Lauren Labbe’s career has been rich and varied. She has had strategic financial roles in large corporations and she has run two real estate start-ups. Two years ago, her husband’s job took their family to Brussels. While Lauren continued to manage her US-based start-ups remotely, she decided it was time to sharpen her leadership and change management skills with an MBA.
“I wanted a European experience – the diversity of peers and professors was very important to me,” she says. “So I decided on Vlerick and registered for the Global Executive MBA.”
Before Lauren could start her programme, the Covid-19 pandemic hit. And after much discussion with Vlerick, she switched to the Online MBA. “It gave me the flexibility to work at my own pace – and adapt if needed, which has been very helpful given the last year,” she says. “For example, this summer we will go back to the US for two months – and I’ll be able to continue with my studies. The OMBA was the most secure and flexible option for me.”
Initially, Lauren was unsure about learning online. She says: “I like to learn face-to-face, I’m very social. But doing everything virtually has been so much easier than I expected. Vlerick have such a great platform and great tools. And there is a lot of group work which really helps to build your network. There has been much more interaction with peers than I expected.
“The programme kick-off was fantastic. You start with a leadership course – seven weeks to get to know your cohort and have time for self-reflection. It’s a really nice introduction to the programme and how it all works.
“The group is diverse – it’s a real cultural mix. And there are entrepreneurs as well as people from corporations. Everyone has different strengths. I was able to help people with the accounting course – while others helped me in courses like HR. We all approach challenges differently and bring our own perspectives and we’re willing to challenge each other.”
Lauren is doing the fast-track OMBA format – which means she studies two courses simultaneously. This, she says, requires good time management. But it’s also a great way to build skills and work on your business in parallel to your studies.
“I’m managing two start-ups at the same time as doing the OMBA. And there’s a real benefit to studying and working at the same time. You can immediately apply what you learn in real life.
“There is so much from the MBA that I can draw on in my work. A lot translates from class into actions to work on in your own business. For example, working with start-ups, the operations course has been so valuable. I have been mapping out processes for supply chain management. It’s doing MBA work and business work simultaneously – and coming away with concrete actions to implement.”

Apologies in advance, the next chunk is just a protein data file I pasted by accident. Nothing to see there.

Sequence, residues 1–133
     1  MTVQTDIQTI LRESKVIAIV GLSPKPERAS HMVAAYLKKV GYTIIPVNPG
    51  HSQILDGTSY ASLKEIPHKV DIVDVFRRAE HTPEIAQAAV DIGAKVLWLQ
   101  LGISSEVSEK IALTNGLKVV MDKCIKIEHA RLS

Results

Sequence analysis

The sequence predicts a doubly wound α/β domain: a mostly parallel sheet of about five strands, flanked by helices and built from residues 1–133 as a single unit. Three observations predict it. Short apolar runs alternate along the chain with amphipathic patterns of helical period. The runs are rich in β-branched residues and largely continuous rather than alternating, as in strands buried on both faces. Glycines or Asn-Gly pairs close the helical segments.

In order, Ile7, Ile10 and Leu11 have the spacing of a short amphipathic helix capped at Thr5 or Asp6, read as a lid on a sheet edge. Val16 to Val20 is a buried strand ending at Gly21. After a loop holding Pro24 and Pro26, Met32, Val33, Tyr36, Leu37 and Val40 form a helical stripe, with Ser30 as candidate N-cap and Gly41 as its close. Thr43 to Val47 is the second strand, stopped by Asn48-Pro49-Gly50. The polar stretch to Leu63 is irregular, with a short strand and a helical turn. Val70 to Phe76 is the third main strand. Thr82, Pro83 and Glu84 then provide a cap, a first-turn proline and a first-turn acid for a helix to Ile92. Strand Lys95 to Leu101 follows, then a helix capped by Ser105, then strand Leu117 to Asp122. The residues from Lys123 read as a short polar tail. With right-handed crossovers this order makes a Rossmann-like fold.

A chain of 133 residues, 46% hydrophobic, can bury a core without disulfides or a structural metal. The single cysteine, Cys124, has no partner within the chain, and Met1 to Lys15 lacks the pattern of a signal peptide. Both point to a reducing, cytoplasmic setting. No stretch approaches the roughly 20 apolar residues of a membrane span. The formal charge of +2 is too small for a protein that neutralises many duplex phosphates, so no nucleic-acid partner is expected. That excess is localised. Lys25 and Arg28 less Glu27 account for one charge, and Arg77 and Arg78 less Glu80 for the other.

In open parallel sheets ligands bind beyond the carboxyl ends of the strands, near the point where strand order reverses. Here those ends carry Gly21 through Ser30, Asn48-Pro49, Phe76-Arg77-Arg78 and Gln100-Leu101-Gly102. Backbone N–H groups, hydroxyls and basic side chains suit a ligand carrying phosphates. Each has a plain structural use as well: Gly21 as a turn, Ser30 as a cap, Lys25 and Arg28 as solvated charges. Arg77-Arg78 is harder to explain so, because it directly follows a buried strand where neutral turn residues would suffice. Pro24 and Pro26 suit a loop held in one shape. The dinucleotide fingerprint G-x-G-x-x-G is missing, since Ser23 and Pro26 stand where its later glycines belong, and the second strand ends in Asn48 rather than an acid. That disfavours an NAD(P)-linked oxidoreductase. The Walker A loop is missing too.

Lauren has ambitious plans for when she finishes her MBA. She says: “I want to grow my start-ups. But at the same time, I want to go back to working in a corporation. So I have two key focus areas for the MBA – to have the knowledge to grow my businesses and the skills and credibility to secure a corporate role. I want to do something that bridges the gap between finance and the rest of the business – ideally something in change management or strategic people management. One of my absolute favourite courses has been the HR course. When you do HR right, it connects with leadership and strategy and can be a real asset to a business.”
Before embarking on the next stage of her career, Lauren has the rest of her MBA to complete. And she’s looking forward to what’s next.
“I’ve been really pleased with the OMBA so far,” she says. “I like how relevant and up-to-date the course content is – it’s not just recycled from previous years. The professors are engaging, the quality is high and the courses are pitched at the right level for the participants.
“I’ve found I learn as much from my peers as the professors. This is thanks to the diversity in the group in terms of careers, nationalities and locations. It’s in the richness of discussions and the calibre of debate – it’s higher quality than I expected. This really speaks to the effort Vlerick puts into building the right group – the admissions process does a great job.”
So what advice does Lauren have for anyone thinking about doing an Online MBA? “Really think about what you want to achieve and what you need,” she says. “Do you want the complete flexibility the Online MBA offers? Or would the more structured approach of the Executive MBA work better for you? Make sure you understand the programme and the level of effort it takes. The OMBA is led by you – so you need the right level of motivation and commitment to succeed.”